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What Is Meditation?

How does it work?

There are many misconceptions about meditation, so to understand what meditation is, 

 It’s best to consider

what it is not!

What meditation is not…

  • Something we actually ‘do’ - It is less about doing and more about a state and way of ‘being’, a state of ‘thoughtless awareness’.


  • About not thinking, and ‘zoning out’ – You might think you can’t meditate because you can’t stop thinking, (this can be why some people lose their interest or motivation for meditation). You cannot simply stop your thoughts, instead, meditation involves noticing and becoming aware of the flow of thoughts through your mind and developing a new relationship with them.


  • ‘Relaxation’ - Meditation requires mental focus and energy, (whereas relaxation occurs when your mind is at rest and the physiological functions that consume energy slow down). During meditation, your mind may feel spacious, but you remain awake, consciously present and focussed.​

  • A ‘quick fix’ - Meditation is not a thing you do to ‘correct’ your life or make you feel ’better’, it’s not a ‘crutch’, or the ‘be all and end all’. Meditation is a tool you use to reconnect to yourself, a way of checking in with where you are, a point of reflection, so you can feel what has been going on in your daily life and what is happening in your body.


  • Easy for everyone else except you – You might think it’s easy for everybody else to meditate, while you struggle to know where to begin. Guidelines for how long to sit in meditation and how often can really help. The easiest way to begin meditation is to find a quiet place to be by yourself, sit quietly and focus on your breath. Eventually, meditation becomes much more than just ‘sitting still’, it becomes a way of growing your capacity for insight and compassion, developing clarity, your ability to see things as they are, and to have the strength of mind to stay in the moment.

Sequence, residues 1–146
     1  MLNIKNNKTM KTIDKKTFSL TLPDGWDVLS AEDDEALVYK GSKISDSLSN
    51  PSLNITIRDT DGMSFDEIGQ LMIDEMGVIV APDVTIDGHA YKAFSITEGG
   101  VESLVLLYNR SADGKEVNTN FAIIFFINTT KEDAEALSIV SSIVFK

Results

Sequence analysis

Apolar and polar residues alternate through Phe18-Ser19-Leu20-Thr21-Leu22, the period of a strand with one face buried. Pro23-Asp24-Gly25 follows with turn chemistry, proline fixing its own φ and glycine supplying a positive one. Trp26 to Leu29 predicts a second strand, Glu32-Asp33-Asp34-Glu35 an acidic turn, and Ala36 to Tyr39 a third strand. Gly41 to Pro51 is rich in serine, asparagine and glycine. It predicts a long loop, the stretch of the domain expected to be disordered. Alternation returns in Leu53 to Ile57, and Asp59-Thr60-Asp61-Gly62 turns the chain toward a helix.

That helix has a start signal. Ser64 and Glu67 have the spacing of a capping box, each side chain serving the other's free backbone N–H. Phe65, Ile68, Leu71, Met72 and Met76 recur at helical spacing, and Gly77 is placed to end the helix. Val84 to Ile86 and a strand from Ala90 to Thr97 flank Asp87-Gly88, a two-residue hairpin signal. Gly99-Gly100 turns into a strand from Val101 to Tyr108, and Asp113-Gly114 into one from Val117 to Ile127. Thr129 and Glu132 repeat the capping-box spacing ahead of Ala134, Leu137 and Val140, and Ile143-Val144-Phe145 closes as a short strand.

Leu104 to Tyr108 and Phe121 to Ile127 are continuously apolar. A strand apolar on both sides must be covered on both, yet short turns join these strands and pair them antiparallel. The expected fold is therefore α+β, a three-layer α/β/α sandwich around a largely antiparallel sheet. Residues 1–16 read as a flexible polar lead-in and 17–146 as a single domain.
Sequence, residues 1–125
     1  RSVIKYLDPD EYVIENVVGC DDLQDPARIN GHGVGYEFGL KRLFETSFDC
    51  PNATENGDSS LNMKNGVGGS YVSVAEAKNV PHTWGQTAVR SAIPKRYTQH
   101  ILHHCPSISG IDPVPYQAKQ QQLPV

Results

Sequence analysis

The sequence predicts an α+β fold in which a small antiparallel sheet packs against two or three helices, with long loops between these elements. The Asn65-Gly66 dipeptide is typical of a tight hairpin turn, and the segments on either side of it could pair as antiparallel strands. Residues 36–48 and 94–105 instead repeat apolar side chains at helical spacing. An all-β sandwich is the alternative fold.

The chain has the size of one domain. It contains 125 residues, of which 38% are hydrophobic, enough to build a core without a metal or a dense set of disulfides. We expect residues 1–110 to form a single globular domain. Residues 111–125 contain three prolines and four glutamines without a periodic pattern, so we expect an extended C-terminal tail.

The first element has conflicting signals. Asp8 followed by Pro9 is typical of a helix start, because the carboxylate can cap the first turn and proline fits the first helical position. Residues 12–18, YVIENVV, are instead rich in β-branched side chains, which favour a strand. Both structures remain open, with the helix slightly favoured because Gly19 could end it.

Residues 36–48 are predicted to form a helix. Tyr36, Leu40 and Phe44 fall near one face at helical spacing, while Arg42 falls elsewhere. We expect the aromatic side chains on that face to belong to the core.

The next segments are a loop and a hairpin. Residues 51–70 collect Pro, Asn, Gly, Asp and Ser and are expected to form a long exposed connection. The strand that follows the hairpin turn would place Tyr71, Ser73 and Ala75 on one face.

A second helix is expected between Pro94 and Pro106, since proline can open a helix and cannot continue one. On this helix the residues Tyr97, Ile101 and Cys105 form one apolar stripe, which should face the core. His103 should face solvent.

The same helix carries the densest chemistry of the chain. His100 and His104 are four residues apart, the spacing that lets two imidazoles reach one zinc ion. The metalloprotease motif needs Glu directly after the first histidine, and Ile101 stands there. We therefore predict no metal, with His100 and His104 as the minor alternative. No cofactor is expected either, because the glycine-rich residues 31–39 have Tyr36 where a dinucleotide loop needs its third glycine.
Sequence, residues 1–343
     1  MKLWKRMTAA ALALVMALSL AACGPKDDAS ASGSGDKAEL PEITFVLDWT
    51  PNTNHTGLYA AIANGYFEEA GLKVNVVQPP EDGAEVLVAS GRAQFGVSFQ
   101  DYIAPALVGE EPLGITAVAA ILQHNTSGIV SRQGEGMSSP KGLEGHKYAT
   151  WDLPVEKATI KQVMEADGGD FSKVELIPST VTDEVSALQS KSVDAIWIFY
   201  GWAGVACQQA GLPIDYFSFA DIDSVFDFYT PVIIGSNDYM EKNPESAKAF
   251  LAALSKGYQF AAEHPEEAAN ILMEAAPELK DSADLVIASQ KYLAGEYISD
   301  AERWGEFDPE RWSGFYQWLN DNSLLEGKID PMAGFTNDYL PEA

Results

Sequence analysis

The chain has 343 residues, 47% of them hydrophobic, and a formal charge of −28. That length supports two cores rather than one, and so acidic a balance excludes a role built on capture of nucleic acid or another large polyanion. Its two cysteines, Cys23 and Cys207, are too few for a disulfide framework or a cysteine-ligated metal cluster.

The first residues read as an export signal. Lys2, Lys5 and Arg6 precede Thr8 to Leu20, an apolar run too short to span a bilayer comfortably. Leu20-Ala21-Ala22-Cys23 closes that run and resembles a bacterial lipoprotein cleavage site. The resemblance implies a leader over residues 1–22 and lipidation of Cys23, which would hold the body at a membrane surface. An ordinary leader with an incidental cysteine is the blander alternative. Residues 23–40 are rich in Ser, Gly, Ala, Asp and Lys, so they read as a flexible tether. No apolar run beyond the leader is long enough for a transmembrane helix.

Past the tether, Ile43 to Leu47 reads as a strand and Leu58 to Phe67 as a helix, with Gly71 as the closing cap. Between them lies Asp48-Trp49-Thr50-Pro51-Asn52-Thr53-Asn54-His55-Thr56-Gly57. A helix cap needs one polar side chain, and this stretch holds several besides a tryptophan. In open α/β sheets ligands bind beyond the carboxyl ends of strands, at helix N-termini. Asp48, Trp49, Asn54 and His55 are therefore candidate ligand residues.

What meditation is…

A technique of focusing or clearing your mind using a combination of mental and physical techniques.

  • A practice of focused concentration, bringing yourself back to the present moment, repeatedly.

  • A set of techniques to encourage a heightened state of awareness and focused attention.

  • A means of transforming the mind, sharpening focus, and attention, connecting to the body and breath, developing acceptance of difficult emotions, and even altering consciousness.

  • The practice of encouraging and developing concentration, clarity, emotional positivity, and a calm seeing of the true nature of things.

  • A transformative experience that can lead to a new understanding of life.

  • Non-religious – while many spiritual traditions include meditation as part of their teachings, the practice itself doesn’t belong to any religion or faith. Though ancient in origin, meditation is practiced today in cultures all over the world to create a sense of peace, calm and inner harmony.

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